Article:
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Is ‘Ghosting’ Really Worth Arresting People Over?

Is ‘Ghosting’ Really Worth Arresting People Over?

Have you ever felt the need to just stop responding to someone over text or email? Maybe they were annoying in some way, too insistent or chatty, or said something that made you feel uncomfortable? Heck, it could’ve been inadvertent – maybe the time got away from you or you were distracted by something else entirely. Well, as per one lawmaker in the Philippines as reported on July 26, 2022, you’re committing a crime that isn’t quite illegal yet but should be immediately.


Right off the bat, there may be dozens of questions firing off from that sentiment alone. “What?” “Why?” “Who would consider ‘ghosting’ that bad?” or “What’s the basis for all of this?”

Well, according to the lawmaker in question Representative Arnolfo Teves Jr., ghosting someone is what he considers an emotional offense. The bill in question defines ghosting as

“When someone cuts off all forms of communication, [which] can be mentally, physically, and emotionally exhausting to the ‘ghosted’ person.”

To be clear, this technically is what you can define ghosting as, but it’s not entirely accurate. As was described earlier, ghosting just involves one party ignoring another through any written communication. While almost anyone can relate to the experience, it’s especially prominent in the dating app sphere, which Teves Jr. focuses on in the bill.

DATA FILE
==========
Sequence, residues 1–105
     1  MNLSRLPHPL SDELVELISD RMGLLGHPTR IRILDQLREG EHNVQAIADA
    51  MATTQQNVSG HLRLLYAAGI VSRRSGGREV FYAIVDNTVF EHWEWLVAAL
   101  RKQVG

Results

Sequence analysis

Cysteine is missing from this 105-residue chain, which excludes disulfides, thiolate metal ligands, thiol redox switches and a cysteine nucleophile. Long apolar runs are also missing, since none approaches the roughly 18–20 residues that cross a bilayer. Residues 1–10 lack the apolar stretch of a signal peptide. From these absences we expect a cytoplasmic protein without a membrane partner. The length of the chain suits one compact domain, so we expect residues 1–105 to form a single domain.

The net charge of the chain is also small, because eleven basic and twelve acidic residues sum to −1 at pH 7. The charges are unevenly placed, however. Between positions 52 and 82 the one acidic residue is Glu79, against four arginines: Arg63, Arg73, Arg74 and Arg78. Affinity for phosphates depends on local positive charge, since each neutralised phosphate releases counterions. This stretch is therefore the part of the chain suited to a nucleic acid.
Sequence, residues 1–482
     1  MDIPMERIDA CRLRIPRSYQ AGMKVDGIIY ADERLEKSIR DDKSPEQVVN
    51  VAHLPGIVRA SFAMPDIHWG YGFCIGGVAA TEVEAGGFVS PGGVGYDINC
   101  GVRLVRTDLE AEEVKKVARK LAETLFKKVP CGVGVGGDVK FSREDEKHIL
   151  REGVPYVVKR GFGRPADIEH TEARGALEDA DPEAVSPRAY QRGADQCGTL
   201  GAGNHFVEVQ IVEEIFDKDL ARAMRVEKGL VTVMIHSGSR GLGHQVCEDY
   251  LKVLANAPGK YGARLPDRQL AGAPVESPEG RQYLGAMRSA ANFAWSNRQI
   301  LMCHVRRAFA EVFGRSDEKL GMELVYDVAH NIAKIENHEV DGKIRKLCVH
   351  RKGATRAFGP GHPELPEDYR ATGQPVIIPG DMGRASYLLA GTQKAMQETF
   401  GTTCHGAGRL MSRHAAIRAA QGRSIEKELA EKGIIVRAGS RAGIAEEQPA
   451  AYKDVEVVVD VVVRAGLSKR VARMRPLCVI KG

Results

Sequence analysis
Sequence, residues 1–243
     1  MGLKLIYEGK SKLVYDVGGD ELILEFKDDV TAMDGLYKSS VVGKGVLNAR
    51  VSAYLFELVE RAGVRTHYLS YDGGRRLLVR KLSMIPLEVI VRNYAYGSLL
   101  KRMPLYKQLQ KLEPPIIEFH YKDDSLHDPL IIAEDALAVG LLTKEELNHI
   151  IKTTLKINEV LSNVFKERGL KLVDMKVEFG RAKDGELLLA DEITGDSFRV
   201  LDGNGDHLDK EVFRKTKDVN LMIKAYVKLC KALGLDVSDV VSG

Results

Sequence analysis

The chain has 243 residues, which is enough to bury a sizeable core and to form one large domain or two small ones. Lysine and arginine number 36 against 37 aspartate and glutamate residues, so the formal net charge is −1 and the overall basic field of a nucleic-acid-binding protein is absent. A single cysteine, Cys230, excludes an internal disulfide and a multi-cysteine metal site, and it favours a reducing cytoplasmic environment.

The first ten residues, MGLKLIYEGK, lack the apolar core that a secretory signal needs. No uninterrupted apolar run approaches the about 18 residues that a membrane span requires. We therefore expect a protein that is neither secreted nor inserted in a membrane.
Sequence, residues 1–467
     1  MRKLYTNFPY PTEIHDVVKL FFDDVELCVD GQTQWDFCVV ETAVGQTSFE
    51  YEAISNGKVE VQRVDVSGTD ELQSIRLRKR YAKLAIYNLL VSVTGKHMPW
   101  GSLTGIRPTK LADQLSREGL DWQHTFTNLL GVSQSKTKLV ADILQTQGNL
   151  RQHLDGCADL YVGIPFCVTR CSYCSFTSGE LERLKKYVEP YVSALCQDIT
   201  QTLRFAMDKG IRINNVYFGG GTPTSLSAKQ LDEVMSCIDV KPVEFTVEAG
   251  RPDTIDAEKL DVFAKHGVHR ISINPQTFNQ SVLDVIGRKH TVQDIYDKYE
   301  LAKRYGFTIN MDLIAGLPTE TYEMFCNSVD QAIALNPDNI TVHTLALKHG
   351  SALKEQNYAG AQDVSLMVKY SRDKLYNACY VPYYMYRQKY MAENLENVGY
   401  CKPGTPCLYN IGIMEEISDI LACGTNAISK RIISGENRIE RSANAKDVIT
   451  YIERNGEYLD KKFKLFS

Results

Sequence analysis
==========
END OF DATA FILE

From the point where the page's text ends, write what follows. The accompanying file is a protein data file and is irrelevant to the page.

It goes on to describe the emotional toll that ghosting can have on a person. Citing a harmful state in which one is “constantly thinking of the welfare or the unexplained reasons of the one who ghosted” and compares it to emotional cruelty, emotional abuse, and trauma.

So, on face value alone there are a few major holes in this bill. For one, even if unintentionally, it comes across as being written by someone who took getting ghosted a bit too personally and decided to act on a vendetta.

Next, its parameters are incredibly strict. The ghosting in question is exclusive to dating apps and between heterosexual couples, which by itself is a red flag. Any beliefs aside, attempting to enforce a bill that would exclusively benefit a group based on their sexual preferences when it affects more than just them is objectively immoral.

Finally, it shows an almost absurd perspective on written communication that society has collectively accepted as the norm. Expecting immediate response and being met with nothing being considered an illegal offense should not be in question. However, there are droves of individuals who agree with the lawmaker in question even outside of his inner circle.

This leads to the most important question in all of this: How did we get here?

What This All Means

For the sake of clarity and fairness, no, ghosting isn’t always acceptable behavior. In fact, nine times out of ten, the ignorer in question is in the wrong. It can be rude and hurtful to the person on the other end, and almost dehumanizing in not reciprocating the effort put in, especially in the dating sphere. It’s only fair to at the very least be honest about your intentions or impressions rather than cutting communication entirely. Some may argue that no one is “entitled” to a response, but it’s a matter of decency, especially to those who haven’t done anything wrong.